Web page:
Sheehy perceived in the episode another trait of Hillary the fighter. No matter what fight you were in, the other side started it. All offense is payback. She explained to Sheehy, with a sincere but dubious grasp of political history: “In 1980, Republicans started negative advertising. In 1992, [they] have paid political assassination. What Bill doesn’t understand is, you gotta do the same thing.” The crucial word here is Republican. Belligerence is not a quality normally admired by the kind of people who admire Hillary. But they’ll make the exception, considering the enemy and the stakes. …
…The typical Clinton scandal follows a pattern, as the biographies show. Husband or wife commits a shabby indiscretion. Bill will snap the garters of an employee, for instance, or Hillary will befriend unsavory characters in a scheme to make easy money. Except for Bill’s admitted perjury before a federal judge in the Lewinsky scandal, the Clintons are rarely shown to have violated a law. So, whatever the indiscretion, it is probably legal. But it is mean. And its uncovering could threaten the idea that the couple has no motives beyond “uplifting the American people,” in Bill’s phrase.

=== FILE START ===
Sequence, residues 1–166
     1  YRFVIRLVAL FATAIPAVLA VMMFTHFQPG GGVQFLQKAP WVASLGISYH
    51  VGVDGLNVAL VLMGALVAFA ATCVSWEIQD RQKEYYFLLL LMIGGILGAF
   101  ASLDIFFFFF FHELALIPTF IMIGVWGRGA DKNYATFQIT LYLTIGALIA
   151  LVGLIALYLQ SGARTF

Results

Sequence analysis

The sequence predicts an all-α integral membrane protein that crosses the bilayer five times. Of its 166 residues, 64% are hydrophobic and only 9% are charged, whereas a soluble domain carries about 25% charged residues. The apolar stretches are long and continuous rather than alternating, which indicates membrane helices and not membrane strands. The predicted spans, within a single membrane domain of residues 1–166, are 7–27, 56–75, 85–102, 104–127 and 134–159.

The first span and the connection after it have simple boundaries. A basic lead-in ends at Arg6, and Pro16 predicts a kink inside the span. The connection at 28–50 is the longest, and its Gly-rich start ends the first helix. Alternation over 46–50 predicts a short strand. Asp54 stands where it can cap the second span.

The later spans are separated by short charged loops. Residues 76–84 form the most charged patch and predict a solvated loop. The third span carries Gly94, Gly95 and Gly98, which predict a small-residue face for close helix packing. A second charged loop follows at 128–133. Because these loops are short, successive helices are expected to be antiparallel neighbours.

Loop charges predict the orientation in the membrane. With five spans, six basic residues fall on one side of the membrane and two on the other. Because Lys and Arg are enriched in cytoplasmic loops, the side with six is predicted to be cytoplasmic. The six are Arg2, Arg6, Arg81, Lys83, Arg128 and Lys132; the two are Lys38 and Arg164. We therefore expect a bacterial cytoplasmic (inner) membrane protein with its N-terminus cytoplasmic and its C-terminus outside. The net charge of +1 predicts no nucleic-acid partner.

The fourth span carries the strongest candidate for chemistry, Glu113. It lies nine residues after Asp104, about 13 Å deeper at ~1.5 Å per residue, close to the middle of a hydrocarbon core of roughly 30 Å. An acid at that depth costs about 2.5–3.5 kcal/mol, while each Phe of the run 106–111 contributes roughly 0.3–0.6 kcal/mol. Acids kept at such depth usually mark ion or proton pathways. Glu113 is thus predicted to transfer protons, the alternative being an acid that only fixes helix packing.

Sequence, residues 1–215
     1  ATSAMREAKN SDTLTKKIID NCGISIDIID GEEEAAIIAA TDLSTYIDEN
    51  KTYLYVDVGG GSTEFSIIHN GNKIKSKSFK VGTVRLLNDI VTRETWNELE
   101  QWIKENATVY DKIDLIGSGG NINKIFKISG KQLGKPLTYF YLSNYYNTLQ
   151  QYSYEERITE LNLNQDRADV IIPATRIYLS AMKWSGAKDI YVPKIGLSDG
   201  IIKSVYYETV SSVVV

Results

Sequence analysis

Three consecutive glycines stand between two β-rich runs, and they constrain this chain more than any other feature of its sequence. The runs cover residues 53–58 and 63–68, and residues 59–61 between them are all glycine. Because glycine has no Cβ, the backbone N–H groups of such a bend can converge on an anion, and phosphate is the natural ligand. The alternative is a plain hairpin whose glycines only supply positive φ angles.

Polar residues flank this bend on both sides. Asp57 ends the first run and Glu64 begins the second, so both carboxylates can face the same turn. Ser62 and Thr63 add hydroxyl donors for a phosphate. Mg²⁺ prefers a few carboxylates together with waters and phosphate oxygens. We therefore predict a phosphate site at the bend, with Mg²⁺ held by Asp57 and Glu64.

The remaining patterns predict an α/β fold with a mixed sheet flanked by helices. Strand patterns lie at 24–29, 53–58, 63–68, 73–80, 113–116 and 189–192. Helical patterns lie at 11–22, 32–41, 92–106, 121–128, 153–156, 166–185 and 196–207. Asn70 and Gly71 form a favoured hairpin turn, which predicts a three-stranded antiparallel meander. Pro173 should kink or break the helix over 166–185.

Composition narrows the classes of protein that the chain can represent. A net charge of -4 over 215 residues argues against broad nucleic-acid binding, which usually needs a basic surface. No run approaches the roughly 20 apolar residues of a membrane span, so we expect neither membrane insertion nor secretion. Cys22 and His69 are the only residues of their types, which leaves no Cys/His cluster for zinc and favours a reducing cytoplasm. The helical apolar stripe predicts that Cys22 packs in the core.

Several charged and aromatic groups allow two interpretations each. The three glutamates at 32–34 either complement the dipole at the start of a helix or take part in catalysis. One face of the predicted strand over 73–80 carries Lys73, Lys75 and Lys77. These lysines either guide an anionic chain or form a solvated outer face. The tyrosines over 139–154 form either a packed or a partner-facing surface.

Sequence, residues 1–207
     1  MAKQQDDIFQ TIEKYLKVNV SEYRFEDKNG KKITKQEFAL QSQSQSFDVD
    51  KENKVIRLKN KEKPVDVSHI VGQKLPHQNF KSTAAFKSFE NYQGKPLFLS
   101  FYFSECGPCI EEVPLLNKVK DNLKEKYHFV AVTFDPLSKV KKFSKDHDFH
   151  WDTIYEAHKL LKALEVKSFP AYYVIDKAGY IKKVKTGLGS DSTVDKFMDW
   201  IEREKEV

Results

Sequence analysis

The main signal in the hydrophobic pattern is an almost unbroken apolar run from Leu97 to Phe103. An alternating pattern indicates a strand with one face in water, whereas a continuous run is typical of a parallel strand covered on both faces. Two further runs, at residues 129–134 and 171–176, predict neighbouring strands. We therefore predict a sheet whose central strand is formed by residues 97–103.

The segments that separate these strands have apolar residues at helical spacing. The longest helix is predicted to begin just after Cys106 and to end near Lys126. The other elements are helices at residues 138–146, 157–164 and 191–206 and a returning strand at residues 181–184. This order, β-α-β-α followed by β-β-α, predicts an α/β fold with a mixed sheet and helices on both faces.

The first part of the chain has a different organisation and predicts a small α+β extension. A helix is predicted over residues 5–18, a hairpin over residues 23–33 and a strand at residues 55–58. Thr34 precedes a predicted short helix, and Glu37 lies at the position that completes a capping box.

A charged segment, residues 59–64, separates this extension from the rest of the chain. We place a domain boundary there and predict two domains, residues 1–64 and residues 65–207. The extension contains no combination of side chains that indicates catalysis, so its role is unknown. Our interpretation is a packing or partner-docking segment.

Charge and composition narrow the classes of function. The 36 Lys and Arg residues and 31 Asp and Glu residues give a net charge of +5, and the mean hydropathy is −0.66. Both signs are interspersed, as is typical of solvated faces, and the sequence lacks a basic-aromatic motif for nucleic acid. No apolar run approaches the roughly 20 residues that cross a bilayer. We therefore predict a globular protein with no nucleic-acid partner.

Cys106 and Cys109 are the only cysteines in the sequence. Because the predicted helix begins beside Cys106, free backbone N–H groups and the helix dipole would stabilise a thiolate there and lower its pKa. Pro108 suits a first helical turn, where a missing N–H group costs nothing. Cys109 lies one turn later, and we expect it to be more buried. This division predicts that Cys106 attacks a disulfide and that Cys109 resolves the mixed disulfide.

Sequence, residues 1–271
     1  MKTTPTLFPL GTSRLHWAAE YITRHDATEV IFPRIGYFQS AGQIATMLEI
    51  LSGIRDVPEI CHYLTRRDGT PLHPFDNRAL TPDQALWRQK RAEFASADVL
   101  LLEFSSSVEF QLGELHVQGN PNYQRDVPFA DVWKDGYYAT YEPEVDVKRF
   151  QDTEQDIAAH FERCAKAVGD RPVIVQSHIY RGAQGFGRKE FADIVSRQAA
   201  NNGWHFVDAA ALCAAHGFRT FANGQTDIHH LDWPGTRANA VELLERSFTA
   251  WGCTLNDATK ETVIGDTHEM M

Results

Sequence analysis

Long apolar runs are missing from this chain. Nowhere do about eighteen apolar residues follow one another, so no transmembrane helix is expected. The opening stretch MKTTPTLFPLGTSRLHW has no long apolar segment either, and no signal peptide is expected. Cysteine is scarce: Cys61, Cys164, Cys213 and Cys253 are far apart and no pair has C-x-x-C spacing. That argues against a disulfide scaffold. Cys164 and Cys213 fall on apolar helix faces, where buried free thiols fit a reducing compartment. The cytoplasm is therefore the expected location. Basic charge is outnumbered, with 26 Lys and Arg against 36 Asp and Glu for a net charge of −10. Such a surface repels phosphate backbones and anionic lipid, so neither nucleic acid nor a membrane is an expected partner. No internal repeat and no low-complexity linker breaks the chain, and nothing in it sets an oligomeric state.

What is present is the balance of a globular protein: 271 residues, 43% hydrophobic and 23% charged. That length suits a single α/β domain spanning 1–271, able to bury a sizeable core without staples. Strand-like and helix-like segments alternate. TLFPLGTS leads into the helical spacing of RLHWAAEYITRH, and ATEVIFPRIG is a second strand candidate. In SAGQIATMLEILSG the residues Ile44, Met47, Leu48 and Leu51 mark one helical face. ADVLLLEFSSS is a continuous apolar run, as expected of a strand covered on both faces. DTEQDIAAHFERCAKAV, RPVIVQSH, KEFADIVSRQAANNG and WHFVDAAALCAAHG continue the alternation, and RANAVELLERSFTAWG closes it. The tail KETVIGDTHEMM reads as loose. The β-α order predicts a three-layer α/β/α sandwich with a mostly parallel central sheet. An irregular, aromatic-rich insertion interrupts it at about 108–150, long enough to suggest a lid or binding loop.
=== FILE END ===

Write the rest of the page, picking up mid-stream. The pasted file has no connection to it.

The indiscretion lies there, out of sight, for weeks or months or years. Then someone finds out about it. Panic ensues. Staff is enlisted to ensure that outsiders believe the indiscretion either didn’t occur or was the work of functionaries. The indiscretion inflates into a scandal when this effort fails. The functionaries, and usually the Clintons themselves, resort to misdirection, bogus legalism, and shifting narratives so complicated that most observers grow bored, then exhausted, then distracted by something else.
The scandal called “Travelgate” was the first controversy to emerge from the White House bearing this Clinton trademark. Travelgate is the idiotic name the press gave to the abrupt firing of employees in the White House travel office, allegedly on grounds of sloppy bookkeeping. The office handled travel arrangements for staff and press on the president’s out-of-town trips. After the firings its work was meant to be handed over to a 25-year-old friend of the Clintons from Arkansas and a wealthy Clinton benefactor who owned a fledgling aviation company. It was a plum: The travel account could generate as much as $40,000 a day in business. The White House credential alone would be an invaluable boost to the benefactor’s company. …